‘Little Skellig looks like a rubbish tip due to plastic pollution’

Activists say officials care more about ‘Star Wars’ than island's ‘frightening’ pollution levels

June 7th, 2018: Karin Dubsky from the environmental group Coastwatch has called on MEPs to implement stricter laws governing the production of single-use plastics.


Jutting out from the Atlantic, the Skellig Islands have long been a fixture on the Irish tourist trail but are now becoming a focal point for the growing debate on plastic sea pollution.

Little Skellig is of particular concern – conservationists say the nests of 70,000 gannet seabirds are increasingly constructed from discarded waste instead of seaweed.

“It [plastic] is now of a proportion and scale that it has taken over from the traditional building material. It’s like looking at a rubbish tip,” said Vincent Hyland, a locally based conservationist and film-maker.

He says there are two sources: pollution in Irish rivers and along the coast, and the dumping of other materials, especially fishing gear, from further out and as far away as Newfoundland and Maine.

“It could take 15 to 20 years to come here but it’s coming across the Atlantic,” he said. Filming underwater since the 1970s, Mr Hyland said he had seen the pollution gradually increase but rising to “frightening proportions” in the last year.

He is concerned the problem is being ignored by authorities more concerned with marketing the islands to tourists – the neighbouring Skellig Michael has become a massive draw following its use as a location in recent Star Wars movies. It had almost 14,700 visitors in 2016.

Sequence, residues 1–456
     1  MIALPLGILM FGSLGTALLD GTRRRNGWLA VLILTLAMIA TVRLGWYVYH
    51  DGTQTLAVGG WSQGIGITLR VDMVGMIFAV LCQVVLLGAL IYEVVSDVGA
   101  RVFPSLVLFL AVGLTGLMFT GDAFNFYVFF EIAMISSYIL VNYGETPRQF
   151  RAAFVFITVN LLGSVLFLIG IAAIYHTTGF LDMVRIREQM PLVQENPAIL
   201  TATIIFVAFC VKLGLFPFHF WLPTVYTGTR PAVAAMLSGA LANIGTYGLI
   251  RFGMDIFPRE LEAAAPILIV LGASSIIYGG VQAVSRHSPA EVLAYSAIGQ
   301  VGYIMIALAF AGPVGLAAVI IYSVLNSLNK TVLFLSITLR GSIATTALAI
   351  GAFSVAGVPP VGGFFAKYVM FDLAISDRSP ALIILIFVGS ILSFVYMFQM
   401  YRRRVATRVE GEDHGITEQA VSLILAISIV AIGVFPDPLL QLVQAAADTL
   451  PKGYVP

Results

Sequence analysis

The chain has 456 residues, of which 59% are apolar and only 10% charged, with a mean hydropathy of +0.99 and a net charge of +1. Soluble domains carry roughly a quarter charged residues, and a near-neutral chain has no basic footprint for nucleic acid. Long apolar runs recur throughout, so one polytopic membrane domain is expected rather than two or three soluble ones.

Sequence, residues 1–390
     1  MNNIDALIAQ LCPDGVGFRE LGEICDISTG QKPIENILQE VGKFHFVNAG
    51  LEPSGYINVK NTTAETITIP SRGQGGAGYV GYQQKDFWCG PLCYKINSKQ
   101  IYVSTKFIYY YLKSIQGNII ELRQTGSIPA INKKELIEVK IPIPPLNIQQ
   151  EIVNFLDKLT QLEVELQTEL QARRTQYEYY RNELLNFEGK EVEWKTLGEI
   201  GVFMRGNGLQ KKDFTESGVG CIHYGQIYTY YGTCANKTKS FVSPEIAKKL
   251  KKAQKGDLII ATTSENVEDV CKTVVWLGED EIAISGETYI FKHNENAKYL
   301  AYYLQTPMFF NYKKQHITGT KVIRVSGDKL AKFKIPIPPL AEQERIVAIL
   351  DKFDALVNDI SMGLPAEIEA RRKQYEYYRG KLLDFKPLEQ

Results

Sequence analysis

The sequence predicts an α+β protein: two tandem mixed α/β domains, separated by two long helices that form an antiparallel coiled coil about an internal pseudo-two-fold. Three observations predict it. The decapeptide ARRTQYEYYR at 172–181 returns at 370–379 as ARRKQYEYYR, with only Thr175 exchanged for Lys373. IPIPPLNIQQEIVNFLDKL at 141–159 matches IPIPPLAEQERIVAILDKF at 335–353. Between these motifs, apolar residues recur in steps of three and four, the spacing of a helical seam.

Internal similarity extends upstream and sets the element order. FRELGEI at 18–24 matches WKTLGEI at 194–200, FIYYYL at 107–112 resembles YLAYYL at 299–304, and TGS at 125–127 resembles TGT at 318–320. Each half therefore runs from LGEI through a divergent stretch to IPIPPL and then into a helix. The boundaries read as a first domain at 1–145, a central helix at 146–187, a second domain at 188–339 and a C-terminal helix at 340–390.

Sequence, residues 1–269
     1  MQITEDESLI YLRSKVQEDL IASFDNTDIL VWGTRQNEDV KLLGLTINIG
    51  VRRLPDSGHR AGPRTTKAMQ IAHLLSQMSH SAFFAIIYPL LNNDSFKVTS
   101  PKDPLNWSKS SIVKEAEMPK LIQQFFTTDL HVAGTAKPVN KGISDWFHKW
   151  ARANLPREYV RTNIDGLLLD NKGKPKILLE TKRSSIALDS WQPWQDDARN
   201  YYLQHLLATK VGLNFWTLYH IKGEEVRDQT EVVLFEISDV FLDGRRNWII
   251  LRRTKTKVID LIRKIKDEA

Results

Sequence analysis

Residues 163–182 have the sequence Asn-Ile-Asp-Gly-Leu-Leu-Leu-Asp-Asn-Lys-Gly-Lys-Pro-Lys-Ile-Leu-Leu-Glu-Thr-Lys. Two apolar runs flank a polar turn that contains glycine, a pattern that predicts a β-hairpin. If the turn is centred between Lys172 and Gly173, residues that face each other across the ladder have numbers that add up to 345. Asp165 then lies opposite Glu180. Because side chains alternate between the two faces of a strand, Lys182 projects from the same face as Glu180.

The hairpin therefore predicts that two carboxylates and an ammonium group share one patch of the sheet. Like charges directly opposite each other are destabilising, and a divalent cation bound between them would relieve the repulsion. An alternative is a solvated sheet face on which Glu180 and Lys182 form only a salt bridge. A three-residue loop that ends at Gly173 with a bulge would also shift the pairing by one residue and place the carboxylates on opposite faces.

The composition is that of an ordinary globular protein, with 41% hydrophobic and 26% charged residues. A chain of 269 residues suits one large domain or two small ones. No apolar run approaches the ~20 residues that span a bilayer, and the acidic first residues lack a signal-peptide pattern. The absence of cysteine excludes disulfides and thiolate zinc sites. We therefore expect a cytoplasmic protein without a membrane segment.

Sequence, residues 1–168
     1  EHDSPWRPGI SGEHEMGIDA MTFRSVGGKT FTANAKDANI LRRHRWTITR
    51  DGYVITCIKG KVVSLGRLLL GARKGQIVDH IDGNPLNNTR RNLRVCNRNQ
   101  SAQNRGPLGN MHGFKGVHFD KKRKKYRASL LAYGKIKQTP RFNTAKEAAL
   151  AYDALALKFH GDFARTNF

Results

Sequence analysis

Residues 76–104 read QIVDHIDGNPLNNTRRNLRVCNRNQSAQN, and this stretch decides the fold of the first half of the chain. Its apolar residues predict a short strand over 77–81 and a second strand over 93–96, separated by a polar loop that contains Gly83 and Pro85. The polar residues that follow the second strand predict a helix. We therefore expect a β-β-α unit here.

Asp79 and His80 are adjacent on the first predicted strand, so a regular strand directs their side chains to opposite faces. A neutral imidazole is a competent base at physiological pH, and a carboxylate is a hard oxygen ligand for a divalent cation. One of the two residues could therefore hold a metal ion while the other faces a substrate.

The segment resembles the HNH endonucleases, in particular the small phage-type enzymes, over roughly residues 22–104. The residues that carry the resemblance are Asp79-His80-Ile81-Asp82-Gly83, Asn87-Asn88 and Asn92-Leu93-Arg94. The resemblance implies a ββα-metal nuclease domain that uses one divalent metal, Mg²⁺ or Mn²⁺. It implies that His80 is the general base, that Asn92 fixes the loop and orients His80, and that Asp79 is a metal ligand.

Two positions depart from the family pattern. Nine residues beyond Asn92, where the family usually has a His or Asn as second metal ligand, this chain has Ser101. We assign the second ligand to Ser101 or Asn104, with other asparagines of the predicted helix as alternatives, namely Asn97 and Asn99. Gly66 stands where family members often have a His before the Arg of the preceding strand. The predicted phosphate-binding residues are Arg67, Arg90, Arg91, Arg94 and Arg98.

“I film marine life underwater [and] it’s very difficult to get a frame without plastic in it, and that wasn’t an issue 15 years ago,” Mr Hyland said.

Little Skellig is the largest gannet colony in Ireland and, according to Birdwatch Ireland, it continues to grow.

Bird reservation

Fianna Fáil Senator Mark Daly is due to raise the issue in the Seanad next week and says he has been contacted by local boat operators relaying the concerns of tourists taken out to look at the island’s bird reservation.

“It’s an issue from a tourist point of view and from an environmental point of view as well. That the oceans are in such shape is unacceptable obviously; it’s a broader issue,” he said.

Dr Stephen Newton, BirdWatch Ireland’s senior seabird conservation officer who has spent a lot of time on the Skellig Islands, said the material being used to build nests is mostly polypropylene rope and other fishing material.

“I agree that a lot of that material gets into the nests [but] by and large it doesn’t do any harm,” he said, adding that of far more concern to bird health were smaller pieces of ingested plastic. However, the image of Little Skellig covered in discarded material, he said, “sends a strong message”.

Nests of rope

“If you look at 100 gannet nests and most of them have a blue or orange rope in them, it’s not great.”

The National Parks and Wildlife Service said it was concerned about the possibility of harm to birds caused by waste.

“It is apparent when approaching Little Skellig that gannets use plastic waste material when constructing their nest sites and although we do not have records of specific instances where birds have died from this, or have been tangled up in such litter, it has been shown to be an issue elsewhere in the species’ range and is a matter of concern,” it said in a statement.

However, it pointed out the bird population had increased by 60 per cent since the late 1960s. “The National Parks and Wildlife Service deplores and strongly condemns the dumping of waste anywhere in our natural habitats, and is looking into this matter.”